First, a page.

Female-to-male transgendered people — known as transmen — have more autistic traits than typical heterosexual men and women, and more than those who wish to switch gender in the opposite direction, according to new research.
Scientists led by Simon Baron-Cohen, a professor of developmental psychopathology, at Cambridge University looked for autistic traits, such as problems parsing social signals and difficulty in dealing with changes in routine, in 61 transmen, 198 transwomen, 98 typical females, 76 typical males and 125 people with actual diagnoses of Asperger’s syndrome, a mild form of autism.
Baron-Cohen has long theorized that people with autism may have what he calls an “extreme male” brain — dominated by a style of thinking called “systemizing,” which focuses on predictable patterns like those found in mathematics or mechanical devices. He contrasts this with a cognitive style called “empathizing,” which allows for better understanding of the minds and emotions of others. Todays guest will be sharing with us much information regarding this topic as well as sharing his amazing life and quest.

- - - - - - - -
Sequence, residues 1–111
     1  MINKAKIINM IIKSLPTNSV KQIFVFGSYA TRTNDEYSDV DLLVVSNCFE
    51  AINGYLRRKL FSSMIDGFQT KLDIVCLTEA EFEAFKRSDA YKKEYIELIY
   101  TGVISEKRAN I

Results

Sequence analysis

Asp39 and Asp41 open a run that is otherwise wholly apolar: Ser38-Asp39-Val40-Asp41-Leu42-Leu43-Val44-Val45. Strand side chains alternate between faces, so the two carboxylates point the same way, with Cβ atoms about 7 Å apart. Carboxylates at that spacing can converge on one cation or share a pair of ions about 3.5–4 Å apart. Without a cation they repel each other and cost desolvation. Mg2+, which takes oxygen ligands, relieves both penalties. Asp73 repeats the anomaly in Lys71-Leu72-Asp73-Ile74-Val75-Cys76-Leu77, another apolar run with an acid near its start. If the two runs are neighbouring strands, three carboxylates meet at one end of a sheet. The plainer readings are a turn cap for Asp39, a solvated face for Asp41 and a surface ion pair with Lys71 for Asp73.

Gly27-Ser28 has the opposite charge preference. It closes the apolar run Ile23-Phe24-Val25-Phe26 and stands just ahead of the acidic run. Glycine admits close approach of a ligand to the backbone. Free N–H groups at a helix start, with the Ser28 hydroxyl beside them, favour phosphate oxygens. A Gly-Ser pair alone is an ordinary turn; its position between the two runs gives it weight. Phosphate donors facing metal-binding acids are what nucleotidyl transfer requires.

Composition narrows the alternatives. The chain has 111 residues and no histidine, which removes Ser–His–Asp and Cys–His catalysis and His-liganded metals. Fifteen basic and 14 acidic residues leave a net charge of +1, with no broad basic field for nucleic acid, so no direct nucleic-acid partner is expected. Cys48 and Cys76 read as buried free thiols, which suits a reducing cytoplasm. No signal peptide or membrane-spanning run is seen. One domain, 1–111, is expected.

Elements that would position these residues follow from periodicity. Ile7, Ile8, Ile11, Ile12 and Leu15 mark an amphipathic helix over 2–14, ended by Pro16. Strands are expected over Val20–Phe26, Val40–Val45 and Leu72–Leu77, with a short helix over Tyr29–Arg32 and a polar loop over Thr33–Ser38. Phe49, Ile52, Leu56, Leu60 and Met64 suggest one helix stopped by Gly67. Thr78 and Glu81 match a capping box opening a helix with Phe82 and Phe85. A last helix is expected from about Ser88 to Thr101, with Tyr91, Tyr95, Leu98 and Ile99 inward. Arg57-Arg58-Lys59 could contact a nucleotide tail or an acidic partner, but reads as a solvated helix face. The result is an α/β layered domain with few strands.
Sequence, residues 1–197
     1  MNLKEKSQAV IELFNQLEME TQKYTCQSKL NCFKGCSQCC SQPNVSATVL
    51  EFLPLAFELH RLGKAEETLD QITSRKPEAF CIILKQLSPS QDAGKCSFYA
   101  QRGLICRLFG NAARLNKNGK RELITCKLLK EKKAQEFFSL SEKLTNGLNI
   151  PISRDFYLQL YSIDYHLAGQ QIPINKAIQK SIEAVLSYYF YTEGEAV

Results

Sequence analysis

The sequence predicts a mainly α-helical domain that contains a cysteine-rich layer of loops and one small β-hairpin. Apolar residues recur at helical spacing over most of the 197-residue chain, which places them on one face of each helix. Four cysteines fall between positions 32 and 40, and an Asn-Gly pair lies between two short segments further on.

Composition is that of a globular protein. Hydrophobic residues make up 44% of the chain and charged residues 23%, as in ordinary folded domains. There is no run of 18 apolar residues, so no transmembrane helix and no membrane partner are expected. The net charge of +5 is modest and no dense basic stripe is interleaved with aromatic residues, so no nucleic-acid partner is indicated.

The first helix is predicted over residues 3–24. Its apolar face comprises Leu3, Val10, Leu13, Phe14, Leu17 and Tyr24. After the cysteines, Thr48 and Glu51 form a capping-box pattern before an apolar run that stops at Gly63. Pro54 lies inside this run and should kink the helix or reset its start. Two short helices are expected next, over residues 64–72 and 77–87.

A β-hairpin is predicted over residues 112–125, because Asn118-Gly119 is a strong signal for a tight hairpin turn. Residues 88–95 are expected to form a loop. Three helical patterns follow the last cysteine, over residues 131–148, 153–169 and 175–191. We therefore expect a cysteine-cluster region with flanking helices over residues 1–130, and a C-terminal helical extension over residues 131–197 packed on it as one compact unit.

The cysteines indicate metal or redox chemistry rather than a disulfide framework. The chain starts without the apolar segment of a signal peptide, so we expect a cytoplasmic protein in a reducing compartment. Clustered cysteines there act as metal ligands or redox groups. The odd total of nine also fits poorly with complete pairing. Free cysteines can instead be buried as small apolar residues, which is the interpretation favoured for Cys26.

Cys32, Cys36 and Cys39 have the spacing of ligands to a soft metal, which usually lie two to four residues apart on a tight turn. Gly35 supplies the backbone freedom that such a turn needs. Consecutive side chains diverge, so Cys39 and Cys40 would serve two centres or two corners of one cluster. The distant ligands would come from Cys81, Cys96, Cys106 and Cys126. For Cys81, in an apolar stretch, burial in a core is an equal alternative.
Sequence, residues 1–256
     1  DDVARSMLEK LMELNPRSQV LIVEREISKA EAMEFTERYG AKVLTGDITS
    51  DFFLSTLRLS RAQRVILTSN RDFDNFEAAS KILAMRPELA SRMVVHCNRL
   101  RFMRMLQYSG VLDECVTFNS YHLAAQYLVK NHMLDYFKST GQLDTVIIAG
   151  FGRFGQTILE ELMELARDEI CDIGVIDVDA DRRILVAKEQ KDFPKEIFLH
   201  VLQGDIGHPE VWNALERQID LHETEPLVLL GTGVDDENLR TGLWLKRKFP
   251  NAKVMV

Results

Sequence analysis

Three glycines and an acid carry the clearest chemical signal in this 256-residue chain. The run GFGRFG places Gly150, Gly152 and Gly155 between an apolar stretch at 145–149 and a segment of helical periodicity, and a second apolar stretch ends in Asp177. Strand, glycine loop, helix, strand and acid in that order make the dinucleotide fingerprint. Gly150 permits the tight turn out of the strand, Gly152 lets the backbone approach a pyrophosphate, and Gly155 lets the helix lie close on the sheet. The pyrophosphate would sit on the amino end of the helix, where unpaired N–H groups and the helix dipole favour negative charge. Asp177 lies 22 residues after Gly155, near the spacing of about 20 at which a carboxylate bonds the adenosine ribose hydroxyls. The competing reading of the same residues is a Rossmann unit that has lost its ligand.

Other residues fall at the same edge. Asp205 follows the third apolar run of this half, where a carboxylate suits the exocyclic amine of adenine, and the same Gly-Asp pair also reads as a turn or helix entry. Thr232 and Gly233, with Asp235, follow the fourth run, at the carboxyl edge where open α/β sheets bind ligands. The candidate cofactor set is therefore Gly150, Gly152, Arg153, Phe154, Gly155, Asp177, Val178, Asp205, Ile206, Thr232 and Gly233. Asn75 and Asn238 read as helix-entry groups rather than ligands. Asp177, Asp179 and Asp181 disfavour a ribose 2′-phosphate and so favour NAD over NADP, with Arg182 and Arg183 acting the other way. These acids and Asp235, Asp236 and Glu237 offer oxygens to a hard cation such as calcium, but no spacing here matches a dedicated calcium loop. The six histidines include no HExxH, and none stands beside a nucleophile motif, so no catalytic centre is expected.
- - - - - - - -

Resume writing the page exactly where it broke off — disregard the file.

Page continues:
Jack Ori is a gifted member of the transgender community who took the long way to fulfilling his early promise. After his childhood Jack became interested in writing leading him to a Masters degree in creative prose in his early 20s, he worked menial jobs while trying to figure himself out. It wasn't until he began exploring his male gender identity in his early 30s that he began embracing his passion for helping others as well as his writing abilities. Today, Coach Jack is a self-esteem coach who helps members of the transgender community embrace their greatness and exceed their own expectations for career, relationships and life in general. He is the author of Rewrite Your Life Script and Jump Start Your Freelance Writing Career as well as the leader of the Embrace Your Gifts program.
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